The previous government’s use of “key performance indicators” like graduation and placement rates was seriously flawed, the faculty confederation says in its report, “The Measured Academic: Quality Controls in Ontario Universities.” Graduation rates measure the quantity of degrees awarded without providing any sense of the quality of the education, and the job placement rates focus on “simple market outputs that are more contingent on general economic conditions than they are on what happens during a student’s time in university,” the report says.

Most people recognize that these are extremely rough proxies for what would be an indicator of institutional or program quality,” says Barbara Hauser, secretary to the council and senior policy adviser for the Council of Ontario Universities, which represents the central administrations of the province’s 18 universities. “This has never been really a popular measure, but that's what the government is doing.” 

The report released by the faculty organization Monday seeks to ensure that as the new government institutes its own accountability system, it avoids the pitfalls of the existing system, says Mandelbaum.

“We’re concerned that the government is going down that same road now – seeking to find things that are easy to measure, rather than finding things that look at the whole issue of quality,” he says.

The group’s recommendations include:

  • Dismantling the previous government’s performance fund and ending its use of graduation and placement rates to distribute money to Ontario’s colleges.
  • Adopting local rather than systemwide indicators of quality, which should be developed in consultation with faculty members and students. “Quality indicators at a provincial level would encourage a deadening uniformity across all universities,” the report says, and undermine individual institutions’ efforts to best serve their local areas.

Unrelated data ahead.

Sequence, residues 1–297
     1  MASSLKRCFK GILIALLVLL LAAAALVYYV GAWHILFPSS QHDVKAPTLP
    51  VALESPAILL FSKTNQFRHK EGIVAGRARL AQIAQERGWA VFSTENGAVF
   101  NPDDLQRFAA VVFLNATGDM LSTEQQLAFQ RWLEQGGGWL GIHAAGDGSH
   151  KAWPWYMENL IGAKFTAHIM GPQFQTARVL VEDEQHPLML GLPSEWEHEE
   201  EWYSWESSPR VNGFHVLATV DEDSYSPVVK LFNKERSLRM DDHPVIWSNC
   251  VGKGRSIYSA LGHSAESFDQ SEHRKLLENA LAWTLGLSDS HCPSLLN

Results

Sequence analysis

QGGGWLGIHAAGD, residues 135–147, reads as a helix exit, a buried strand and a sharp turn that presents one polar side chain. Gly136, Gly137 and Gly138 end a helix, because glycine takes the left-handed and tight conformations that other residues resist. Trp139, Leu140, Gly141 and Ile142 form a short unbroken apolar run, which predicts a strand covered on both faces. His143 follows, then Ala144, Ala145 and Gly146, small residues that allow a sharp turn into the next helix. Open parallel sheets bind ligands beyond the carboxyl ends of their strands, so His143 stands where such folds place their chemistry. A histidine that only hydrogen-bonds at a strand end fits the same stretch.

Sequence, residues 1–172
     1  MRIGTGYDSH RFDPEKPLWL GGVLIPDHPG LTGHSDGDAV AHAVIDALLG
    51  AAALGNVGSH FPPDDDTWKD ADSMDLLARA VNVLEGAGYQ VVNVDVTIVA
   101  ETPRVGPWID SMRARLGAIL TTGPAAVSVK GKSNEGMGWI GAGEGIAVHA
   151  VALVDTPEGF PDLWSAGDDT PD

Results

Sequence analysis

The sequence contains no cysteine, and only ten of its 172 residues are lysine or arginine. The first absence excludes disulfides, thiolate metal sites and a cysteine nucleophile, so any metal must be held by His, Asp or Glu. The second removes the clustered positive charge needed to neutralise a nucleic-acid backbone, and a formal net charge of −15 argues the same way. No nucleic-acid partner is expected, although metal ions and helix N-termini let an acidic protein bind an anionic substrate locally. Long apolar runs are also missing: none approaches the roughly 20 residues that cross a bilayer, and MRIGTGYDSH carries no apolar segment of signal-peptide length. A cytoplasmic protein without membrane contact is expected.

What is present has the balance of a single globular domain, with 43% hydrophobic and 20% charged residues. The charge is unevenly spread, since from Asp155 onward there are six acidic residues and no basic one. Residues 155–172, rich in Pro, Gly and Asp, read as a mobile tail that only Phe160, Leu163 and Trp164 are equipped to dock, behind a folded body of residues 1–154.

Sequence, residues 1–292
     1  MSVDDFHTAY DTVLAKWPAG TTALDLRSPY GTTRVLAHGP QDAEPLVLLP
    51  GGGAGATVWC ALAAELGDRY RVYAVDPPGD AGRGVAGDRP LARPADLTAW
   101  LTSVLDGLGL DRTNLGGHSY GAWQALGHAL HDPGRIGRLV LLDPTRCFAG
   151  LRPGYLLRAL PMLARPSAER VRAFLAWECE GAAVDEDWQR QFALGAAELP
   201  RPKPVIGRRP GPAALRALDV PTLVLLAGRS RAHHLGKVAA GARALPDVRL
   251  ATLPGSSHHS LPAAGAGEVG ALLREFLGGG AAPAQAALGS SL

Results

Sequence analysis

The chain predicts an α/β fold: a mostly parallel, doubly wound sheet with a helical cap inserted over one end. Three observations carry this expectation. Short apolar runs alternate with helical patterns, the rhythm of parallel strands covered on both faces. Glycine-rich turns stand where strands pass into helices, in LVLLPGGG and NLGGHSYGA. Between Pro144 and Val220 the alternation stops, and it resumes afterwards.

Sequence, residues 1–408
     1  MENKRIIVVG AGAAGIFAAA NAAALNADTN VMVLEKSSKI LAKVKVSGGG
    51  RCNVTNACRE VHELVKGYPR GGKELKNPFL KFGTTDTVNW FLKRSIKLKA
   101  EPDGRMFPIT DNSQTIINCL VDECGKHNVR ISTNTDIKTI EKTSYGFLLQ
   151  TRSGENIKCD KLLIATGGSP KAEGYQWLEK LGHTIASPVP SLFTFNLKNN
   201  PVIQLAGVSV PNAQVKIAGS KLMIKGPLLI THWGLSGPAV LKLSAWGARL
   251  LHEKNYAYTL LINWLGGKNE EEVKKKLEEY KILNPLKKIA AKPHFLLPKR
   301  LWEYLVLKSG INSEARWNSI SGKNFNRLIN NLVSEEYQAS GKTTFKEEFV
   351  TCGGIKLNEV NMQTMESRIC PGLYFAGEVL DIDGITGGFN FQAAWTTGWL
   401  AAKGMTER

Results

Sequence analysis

• Using quality indicators in ways that reward rather than punish institutions. Punitive schemes tend to hurt young and smaller institutions more than established ones, and more generally produce “unintended” results, the group argues.

Although the report by the Ontario Confederation of Faculty Associations points out numerous potential pitfalls in the provincial government's accountability effort, professors do not oppose attempts to ensure quality, says Mandelbaum. "We're very much in favor of quality -- all of our institutions are taking a significant number of measures themselves to promote quality, and it's not as if the provincial government does not have some kind of right and expectation as to what the postsecondary system would ultimately deliver," he says. "Our concern is that some governments, when they approach the question, do so out of their own political priorities rather than out of actual concern for quality."

The ultimate issue in Canada -- as in the United States, Mandelbaum suggests -- is that "the government wants to control, and institutions and faculty want to retain autonomy."